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Reaming a .45 ACP Chamber
by Roy Seifert

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Disclaimer:  This article is for entertainment only and is not to be used in lieu of a qualified gunsmith.  Please defer all firearms work to a qualified gunsmith.  Any loads mentioned in this article are my loads for my guns and have been carefully worked up using established guidelines and special tools.  The author assumes no responsibility or liability for use of these loads, or use or misuse of this article.  Please note that I am not a professional gunsmith, just a shooting enthusiast and hobbyist, as well as a tinkerer.  This article explains work that I performed to my guns without the assistance of a qualified gunsmith.  Some procedures described in this article require special tools and cannot/should not be performed without them.

Warning:  Disassembling and tinkering with your firearm may void the warranty.  I claim no responsibility for use or misuse of this article.  Again, this article is for entertainment purposes only!

Tools and firearms are the trademark/service mark or registered trademark of their respective manufacturers.


I recently purchased a Rock Island Armory 1911 .45 for my son which I will give to him for Christmas.  The price was right, but like most things in life, you get what you pay for!  The gun was functional, but quality and attention to detail were poor.  For example, I had to replace the sear and disconnector to get a decent trigger pull, and the feed ramp was milled off-center from the frame.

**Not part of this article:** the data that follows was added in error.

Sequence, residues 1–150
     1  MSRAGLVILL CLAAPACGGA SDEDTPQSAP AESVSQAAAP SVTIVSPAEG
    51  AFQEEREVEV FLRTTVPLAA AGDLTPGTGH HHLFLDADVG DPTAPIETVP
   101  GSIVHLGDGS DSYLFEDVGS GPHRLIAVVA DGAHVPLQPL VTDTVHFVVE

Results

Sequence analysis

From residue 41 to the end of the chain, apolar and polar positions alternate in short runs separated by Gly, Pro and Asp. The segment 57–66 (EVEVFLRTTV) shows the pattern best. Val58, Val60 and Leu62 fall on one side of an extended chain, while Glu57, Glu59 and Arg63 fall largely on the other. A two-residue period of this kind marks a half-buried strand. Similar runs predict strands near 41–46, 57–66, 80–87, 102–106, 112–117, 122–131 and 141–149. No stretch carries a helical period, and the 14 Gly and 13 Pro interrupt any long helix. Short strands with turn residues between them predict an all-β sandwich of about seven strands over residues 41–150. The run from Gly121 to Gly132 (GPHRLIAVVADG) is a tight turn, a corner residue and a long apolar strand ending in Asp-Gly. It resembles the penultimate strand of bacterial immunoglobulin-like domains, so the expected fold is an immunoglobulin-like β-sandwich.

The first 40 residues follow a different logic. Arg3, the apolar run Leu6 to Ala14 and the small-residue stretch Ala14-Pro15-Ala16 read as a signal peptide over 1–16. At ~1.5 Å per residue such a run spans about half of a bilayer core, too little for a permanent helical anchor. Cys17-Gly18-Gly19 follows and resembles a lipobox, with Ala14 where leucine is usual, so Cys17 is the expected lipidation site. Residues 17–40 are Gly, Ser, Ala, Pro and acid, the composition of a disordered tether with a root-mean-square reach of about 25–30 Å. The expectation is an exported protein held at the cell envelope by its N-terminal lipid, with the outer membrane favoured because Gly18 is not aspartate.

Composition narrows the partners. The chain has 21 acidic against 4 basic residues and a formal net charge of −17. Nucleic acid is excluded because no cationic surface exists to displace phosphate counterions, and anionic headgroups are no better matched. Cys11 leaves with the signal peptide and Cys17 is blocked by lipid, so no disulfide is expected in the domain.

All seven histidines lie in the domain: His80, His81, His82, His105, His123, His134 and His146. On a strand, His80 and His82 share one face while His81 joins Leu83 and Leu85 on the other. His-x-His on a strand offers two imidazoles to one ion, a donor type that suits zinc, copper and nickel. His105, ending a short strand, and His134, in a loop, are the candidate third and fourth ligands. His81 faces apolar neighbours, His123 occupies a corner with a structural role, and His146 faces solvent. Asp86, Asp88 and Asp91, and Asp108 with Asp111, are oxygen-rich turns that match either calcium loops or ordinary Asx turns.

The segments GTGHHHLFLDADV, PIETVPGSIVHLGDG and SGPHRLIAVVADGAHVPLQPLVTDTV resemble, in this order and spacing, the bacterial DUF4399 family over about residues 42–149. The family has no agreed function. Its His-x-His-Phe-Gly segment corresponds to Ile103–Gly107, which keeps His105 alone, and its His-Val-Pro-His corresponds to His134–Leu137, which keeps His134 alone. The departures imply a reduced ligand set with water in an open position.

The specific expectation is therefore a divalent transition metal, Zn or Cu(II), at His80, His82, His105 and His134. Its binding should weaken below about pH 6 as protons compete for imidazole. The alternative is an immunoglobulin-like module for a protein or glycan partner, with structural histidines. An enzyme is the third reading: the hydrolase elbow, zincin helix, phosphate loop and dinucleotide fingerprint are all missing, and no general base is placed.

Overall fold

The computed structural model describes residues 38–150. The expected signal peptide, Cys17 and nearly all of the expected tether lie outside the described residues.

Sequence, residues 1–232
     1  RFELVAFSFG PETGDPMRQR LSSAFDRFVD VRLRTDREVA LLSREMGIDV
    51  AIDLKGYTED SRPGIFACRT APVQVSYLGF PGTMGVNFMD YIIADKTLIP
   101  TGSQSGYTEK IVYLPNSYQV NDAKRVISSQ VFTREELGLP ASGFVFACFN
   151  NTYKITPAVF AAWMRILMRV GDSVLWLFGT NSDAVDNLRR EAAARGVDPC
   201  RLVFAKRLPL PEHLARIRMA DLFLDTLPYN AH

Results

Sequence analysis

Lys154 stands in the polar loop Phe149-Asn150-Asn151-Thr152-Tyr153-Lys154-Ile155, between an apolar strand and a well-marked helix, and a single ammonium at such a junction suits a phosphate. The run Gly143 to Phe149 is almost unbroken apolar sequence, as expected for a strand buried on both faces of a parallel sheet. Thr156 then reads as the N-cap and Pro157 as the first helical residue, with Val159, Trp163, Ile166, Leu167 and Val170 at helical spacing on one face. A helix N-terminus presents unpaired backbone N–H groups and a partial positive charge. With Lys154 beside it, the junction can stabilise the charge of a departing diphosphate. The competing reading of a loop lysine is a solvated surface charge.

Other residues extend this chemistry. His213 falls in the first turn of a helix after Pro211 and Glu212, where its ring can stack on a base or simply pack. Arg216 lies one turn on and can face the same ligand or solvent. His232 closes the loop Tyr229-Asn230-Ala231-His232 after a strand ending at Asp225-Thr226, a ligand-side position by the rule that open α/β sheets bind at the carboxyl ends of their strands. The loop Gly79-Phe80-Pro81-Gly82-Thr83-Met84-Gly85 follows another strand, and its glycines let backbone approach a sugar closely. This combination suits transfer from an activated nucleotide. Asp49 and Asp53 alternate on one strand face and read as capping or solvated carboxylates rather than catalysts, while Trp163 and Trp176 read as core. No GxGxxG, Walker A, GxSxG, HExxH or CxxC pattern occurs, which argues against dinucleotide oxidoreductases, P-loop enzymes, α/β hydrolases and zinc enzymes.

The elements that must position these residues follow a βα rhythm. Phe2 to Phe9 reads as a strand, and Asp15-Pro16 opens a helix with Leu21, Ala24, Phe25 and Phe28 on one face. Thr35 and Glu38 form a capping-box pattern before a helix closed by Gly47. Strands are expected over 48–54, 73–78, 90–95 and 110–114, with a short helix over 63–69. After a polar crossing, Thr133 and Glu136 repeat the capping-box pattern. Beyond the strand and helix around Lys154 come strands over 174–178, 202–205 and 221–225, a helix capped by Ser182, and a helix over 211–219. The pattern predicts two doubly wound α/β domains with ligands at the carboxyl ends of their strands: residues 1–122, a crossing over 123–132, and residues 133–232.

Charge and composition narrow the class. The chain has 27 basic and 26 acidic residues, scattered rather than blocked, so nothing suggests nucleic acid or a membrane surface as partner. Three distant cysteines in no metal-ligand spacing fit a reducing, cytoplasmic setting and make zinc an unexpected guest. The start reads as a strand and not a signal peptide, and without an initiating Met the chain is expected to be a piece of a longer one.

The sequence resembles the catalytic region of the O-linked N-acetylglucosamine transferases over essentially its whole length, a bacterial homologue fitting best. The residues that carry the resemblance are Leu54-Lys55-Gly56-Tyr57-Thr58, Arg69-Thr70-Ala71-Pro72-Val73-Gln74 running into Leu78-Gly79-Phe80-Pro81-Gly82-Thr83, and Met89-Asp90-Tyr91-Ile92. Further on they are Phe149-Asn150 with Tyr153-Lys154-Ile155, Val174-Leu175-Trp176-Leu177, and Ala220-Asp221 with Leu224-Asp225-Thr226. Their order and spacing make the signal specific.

I took it out to the range to make sure it didnít have any other problems and noticed that the chamber seemed to be very tight because the slide would not go into battery with many rounds.  When I returned home I took it into my shop and began checking headspace.  As you can see from the above photo rounds would not fully seat into the chamber.  For proper headspace, the case head should sit flush, or a little below the rear edge of the barrel hood.  If I tried to press the cartridge deeper into the chamber it would become wedged and difficult to remove.  My guess is that the manufacturer was using a worn-out reamer that was undersized.  The solution was to ream the chamber to proper dimensions.


I purchased a .45 ACP chamber finishing reamer from Brownells #513-051-451.  Although this tool is somewhat expensive, I have used it a number of times to correct the chambers in poor-quality, after-market barrels.

I disassembled the pistol and placed the barrel in a padded vise with the chamber up (vertical).  I coated the reamer with cutting oil and placed it into the chamber.  Using a tap wrench I turned the reamer clockwise (reamers and cutters should never be turned backwards as this could damage the cutting teeth).  I immediately could feel the reamer cutting steel!  I removed the reamer after about 5 turns; it is better to go slow than cut too deeply.  The reamer teeth were filled with chips and steel dust indicating that it was doing its job.  I cleaned the barrel and reamer with brake parts cleaner and checked cartridge fit.


I continued to cut and check cartridge fit until the reamer just touched the lip in front of the chamber.  I didnít want to change the headspace; I just wanted to ream the chamber.  Now cartridges seat fully and to the proper depth in the chamber as you can see from the above photo.  Even rounds that I had set aside that wouldnít chamber during the range session now chambered properly.  This pistol should now feed much more reliably.



   © Copyright 2011 Roy Seifert.